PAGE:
St Mary’s Cathedral Embraces all in Times of Crisis
This year we have seen unfortunate tragedies both close to home and abroad. The shootings in New Zealand and bombings in Sri Lanka have been among the few that have shaken up the international community.
Despite these difficult times, our Cathedral is offered to embrace people of all faiths and backgrounds, to join us in prayer and to gather in peace and solidarity.
“To stand in solidarity is to stand on something solid, that something solid is our insistence on our common humanity.” said Archbishop Fisher.
Following the Shootings in New Zealand
The Archbishop welcomed Australia’s Grand Mufti Dr Ibrahim Abu Mohammed and Prime Minister Scott Morrison to the remembrance ceremony for those who lost their lives and to pray for the injured in the Christchurch shootings.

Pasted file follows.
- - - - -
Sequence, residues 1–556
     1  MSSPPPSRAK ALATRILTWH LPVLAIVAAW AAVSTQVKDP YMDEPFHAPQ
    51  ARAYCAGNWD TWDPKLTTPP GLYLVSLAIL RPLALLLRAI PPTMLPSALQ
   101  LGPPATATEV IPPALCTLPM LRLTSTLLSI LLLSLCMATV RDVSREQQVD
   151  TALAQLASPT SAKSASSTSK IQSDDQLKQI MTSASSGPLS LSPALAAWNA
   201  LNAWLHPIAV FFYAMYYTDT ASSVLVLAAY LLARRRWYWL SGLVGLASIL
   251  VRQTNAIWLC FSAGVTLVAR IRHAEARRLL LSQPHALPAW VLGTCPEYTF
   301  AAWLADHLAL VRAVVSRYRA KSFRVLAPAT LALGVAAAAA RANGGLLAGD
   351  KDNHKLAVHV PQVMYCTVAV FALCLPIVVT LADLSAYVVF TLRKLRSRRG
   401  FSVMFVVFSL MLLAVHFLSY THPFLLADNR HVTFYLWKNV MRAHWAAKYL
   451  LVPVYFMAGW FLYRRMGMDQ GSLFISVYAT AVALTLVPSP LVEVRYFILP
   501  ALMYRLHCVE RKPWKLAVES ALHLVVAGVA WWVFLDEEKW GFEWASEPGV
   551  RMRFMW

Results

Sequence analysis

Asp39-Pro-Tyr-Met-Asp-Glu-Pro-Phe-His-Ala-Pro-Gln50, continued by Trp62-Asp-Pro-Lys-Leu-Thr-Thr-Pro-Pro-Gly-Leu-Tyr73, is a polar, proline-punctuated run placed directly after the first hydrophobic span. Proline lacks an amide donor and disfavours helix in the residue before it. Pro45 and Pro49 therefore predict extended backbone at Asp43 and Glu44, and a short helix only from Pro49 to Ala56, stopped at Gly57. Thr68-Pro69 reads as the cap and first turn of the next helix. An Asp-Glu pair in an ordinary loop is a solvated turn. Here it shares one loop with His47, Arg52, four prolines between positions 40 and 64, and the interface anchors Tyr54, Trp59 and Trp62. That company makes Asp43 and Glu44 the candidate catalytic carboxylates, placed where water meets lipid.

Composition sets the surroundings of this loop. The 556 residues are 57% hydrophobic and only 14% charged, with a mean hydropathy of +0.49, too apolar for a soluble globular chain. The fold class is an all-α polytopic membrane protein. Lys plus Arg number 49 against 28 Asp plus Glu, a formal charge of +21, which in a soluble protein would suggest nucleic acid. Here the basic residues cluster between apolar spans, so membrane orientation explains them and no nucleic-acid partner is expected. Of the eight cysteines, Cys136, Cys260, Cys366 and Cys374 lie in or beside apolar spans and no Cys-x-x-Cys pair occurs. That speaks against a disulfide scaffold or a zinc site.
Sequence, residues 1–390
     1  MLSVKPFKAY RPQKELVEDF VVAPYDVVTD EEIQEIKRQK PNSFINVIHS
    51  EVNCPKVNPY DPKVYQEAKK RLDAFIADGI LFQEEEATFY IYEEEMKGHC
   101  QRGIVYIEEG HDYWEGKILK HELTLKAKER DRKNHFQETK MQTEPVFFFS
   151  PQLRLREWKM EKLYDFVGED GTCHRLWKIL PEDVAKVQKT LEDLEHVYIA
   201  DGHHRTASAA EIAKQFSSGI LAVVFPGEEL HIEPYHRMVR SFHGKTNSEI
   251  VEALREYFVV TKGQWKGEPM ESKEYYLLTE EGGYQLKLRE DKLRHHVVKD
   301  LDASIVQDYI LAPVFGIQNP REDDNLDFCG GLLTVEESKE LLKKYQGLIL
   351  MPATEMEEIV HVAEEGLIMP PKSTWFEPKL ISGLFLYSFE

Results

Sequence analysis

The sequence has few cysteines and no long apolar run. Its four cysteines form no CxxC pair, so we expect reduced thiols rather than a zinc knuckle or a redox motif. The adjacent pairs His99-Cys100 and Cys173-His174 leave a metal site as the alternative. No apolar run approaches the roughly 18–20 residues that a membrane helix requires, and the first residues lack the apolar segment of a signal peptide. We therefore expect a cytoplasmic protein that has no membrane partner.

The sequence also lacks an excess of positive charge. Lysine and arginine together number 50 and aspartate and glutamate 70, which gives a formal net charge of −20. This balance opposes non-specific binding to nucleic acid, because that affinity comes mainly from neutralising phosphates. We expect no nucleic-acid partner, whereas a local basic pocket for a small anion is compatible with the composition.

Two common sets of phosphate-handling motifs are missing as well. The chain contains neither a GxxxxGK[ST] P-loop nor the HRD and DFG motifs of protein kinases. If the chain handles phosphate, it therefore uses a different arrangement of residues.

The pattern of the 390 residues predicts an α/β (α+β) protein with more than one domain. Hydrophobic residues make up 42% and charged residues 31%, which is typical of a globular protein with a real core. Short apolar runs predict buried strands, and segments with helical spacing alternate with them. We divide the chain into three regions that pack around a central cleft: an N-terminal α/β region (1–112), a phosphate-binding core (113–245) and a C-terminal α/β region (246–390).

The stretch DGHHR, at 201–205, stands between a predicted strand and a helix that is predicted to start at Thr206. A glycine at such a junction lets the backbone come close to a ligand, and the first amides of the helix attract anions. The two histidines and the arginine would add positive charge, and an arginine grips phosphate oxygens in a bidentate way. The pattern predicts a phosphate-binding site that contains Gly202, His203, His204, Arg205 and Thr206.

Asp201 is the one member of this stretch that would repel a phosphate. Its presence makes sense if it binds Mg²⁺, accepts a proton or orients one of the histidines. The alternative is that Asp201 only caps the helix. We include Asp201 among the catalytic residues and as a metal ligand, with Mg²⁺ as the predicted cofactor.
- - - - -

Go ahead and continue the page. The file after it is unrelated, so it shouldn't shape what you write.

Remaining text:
The Grand Mufti thanked the Archbishop and all the attendees for supporting the Muslim community in New Zealand and Australia at a “most difficult time” and to help foster healing from “torrents of pain”.
“Whether you are Muslim or Christian or Jewish or any other faith group, as long as you live in Australia, as long as you are part of this family, nothing will divide us.” he said.
Also in attendance were Jewish, Hindu, Baha’i, Melkite, Coptic Orthodox and Anglican leaders plus civic leaders including Premier of NSW Gladys Berejiklian, Governor of NSW David Hurley, former NSW Opposition Leader Michael Daley, and the Consul General for New Zealand Bill Dobbie.
Following the Bombings in Sri Lanka
Sydney’s Sri Lankan community, as well as members of different faith communities including Buddhists, Hindus and representatives from the Ba’hai and Islamic communities, thousands gathered together on Friday 26 April to pray for the victims of the Sri Lankan Church Bombings.
NSW Sri Lankan chaplain Fr Chaminda Wanigasena said that this gathering at the Cathedral was a “very sombre occasion” after a “moment of crisis”.